"We had a tough time convincing them that given our local background, we were better equipped to understand the requirements of localities and could help them manage their time more efficiently instead of overlaps between offline and online patients," said Swamy who like other three co-founders hails from Patna.
The company's USP was that unlike most apps, it didn’t need patients to own or use a smartphone. All a patient had to do was to walk to the local chemist to book an appointment.
"It's true that today even people in villages have smartphones but while they are comfortable using Facebook and YouTube, there still is a trust deficit when it comes to using a doctor appointment app," he said.
They might be wary of technology but they trust pharmacists, which is true for all villages and small towns. In the absence of a doctor, it is the local chemist that people visit in times of illness.
"They trust their local pharmacists and can rely on them to give them proper guidance. And that is what we are betting on. It is an online to offline strategy," Swamy said.
Depending on the seriousness of the situation, the doctor can call a patient for a diagnosis to the city or prescribes medicines during a virtual consultation if the illness is not serious. The consultation fee varies from Rs 99 to Rs 500, depending on the doctor.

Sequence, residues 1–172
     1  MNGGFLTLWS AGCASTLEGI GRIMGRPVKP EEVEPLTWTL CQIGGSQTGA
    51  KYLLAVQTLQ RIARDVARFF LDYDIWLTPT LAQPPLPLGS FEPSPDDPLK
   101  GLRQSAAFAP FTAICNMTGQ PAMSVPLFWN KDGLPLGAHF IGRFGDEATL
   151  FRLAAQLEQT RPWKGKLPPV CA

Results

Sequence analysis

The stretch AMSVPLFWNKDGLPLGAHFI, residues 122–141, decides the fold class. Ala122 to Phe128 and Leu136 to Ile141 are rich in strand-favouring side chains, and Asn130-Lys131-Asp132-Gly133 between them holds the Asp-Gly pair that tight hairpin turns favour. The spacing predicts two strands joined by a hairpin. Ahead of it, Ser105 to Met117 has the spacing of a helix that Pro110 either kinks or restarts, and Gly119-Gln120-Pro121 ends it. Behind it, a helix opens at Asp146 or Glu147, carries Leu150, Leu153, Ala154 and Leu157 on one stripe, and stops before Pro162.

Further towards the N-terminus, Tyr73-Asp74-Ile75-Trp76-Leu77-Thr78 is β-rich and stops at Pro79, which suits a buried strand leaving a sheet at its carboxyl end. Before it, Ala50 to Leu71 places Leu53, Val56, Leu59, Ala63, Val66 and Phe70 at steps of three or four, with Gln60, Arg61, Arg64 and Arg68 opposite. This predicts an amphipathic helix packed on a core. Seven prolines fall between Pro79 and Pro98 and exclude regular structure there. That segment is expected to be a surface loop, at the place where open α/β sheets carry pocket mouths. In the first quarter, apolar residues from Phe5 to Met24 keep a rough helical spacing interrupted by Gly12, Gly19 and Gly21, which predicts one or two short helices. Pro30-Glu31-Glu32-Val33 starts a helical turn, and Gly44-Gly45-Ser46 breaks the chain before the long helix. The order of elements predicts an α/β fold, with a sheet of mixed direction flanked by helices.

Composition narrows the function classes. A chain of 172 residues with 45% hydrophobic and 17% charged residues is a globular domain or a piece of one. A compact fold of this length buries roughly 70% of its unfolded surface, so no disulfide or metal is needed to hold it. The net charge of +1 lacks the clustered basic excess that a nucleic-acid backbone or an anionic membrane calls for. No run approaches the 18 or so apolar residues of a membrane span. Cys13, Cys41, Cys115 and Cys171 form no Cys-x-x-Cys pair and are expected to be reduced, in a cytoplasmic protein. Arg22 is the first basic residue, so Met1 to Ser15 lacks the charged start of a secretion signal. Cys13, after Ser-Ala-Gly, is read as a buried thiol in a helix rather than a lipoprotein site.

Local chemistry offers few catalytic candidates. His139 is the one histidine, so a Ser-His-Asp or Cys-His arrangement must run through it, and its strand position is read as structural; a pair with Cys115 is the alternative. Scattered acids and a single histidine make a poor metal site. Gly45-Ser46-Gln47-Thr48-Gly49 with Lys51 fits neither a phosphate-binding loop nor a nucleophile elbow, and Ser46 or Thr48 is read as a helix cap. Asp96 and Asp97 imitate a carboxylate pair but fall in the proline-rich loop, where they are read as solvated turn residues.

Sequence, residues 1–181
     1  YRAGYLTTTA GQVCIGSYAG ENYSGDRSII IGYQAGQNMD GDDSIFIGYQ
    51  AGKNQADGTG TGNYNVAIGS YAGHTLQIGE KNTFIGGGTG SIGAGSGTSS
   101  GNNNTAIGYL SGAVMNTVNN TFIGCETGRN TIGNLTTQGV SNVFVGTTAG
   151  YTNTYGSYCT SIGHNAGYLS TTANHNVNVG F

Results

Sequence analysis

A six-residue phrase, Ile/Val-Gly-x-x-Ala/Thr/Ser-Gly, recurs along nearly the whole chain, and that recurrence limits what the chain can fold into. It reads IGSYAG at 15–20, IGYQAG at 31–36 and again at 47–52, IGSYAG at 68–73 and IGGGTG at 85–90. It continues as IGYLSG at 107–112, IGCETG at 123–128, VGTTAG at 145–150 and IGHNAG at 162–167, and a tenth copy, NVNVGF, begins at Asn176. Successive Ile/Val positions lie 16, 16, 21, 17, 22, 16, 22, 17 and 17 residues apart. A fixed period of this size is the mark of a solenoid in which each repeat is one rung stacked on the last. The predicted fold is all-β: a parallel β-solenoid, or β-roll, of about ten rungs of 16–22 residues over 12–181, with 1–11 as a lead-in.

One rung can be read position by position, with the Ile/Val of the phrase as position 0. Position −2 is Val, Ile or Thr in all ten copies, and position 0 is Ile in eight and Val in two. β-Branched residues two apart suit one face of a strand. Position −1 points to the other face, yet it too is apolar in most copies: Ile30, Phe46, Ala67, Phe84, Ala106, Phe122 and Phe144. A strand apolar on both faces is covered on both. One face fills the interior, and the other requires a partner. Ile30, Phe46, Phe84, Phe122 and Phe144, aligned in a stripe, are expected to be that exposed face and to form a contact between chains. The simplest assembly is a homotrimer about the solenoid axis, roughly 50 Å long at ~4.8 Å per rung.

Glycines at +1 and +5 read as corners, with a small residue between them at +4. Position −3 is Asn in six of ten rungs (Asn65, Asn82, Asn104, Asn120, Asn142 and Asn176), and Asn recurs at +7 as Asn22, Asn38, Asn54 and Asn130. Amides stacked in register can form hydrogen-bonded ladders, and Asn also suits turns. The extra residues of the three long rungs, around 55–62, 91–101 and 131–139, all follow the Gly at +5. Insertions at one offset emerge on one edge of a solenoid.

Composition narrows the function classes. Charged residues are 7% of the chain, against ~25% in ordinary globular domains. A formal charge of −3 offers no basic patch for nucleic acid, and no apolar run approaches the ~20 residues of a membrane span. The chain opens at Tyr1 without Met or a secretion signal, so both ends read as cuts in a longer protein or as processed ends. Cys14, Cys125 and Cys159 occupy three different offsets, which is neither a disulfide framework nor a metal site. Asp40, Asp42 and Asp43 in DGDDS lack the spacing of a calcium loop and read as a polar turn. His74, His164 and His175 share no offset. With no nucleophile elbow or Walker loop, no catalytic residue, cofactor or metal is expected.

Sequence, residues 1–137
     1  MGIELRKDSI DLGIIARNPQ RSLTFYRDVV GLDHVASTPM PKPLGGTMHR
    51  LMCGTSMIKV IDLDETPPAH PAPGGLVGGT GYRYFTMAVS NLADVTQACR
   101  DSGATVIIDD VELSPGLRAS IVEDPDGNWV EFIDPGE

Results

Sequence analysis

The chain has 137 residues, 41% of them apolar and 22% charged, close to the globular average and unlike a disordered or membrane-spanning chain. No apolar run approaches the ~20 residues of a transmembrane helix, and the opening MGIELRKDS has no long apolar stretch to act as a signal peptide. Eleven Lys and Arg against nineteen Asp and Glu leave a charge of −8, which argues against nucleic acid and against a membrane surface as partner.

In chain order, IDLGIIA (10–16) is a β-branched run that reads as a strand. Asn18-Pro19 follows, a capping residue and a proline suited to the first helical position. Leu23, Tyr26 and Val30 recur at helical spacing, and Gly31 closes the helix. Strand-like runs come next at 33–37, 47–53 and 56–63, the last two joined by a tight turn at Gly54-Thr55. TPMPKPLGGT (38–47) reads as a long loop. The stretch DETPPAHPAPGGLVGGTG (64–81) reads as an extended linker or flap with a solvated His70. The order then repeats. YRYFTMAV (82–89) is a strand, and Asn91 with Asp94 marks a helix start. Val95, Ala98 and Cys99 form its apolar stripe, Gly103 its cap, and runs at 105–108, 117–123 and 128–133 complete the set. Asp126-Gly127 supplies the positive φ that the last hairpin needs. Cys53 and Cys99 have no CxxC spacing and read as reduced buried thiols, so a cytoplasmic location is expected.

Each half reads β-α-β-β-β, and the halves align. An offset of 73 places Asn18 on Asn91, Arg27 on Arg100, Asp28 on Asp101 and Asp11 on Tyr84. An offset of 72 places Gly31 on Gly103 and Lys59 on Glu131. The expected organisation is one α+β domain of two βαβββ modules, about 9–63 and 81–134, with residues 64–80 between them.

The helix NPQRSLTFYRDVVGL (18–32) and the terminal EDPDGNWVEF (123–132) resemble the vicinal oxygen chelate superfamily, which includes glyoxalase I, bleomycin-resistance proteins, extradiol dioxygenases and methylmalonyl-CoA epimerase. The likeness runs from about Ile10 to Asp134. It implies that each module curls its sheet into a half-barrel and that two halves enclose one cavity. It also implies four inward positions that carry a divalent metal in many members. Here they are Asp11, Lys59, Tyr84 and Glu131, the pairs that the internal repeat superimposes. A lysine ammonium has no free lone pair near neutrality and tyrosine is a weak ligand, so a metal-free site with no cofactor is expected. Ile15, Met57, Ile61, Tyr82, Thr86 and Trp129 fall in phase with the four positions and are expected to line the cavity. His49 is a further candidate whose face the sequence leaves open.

The company has a bank around 315 doctors, including general physicians, dentists, oncologists, neurologists and surgeons, on board.
"Rural India doesn't have enough senior doctors or specialists. For every complaint, they end up visiting a general physician. They only travel to the big city when the situation worsens. We are trying to address this pain point," Swamy said.
According to the 2018-19 Economic Survey, 60 percent of primary health centres, the basic unit of the public health system in India, have only one doctor. The situation is grave in states like Bihar, UP and Rajasthan with the number further falling to 70 percent.
India's spending on healthcare is among the lowest in the world. At a time when the US spends 16.9 percent and Japan around 10.9 percent, India just spends 3.6 percent of the GDP. According to a 2019 study, India has a shortage of over 600,000 doctors and 2 million nurses.
The vital cog
Pharmacists help patients make the right appointments and it is the doctor who decides if a visit to the city is called for. It not only saves time and money but also ensures timely treatment of an illness that can worsen.
The company has tied up with 40 pharmacists in districts such as Punpun, Samastipur, and Bhatiyarpur. They are paid Rs 10 per appointment.
It earns money from doctors by offering them a platform to publish their articles and blogs for an annual fee ranging from Rs 6,000 to Rs 12,000.
The company, which has Trivago-fame Abhinav Kumar an adviser, is looking to raise Rs 2-3 crore from early-stage investors and plans to use the money for developing an artificial intelligence-powered voice assistant for doctors to help them write a prescription and manage medical records electronically, which will save them a lot of time. Funds will also be used for marketing and expanding the app.
Follow the entire Small-Town Startups series here.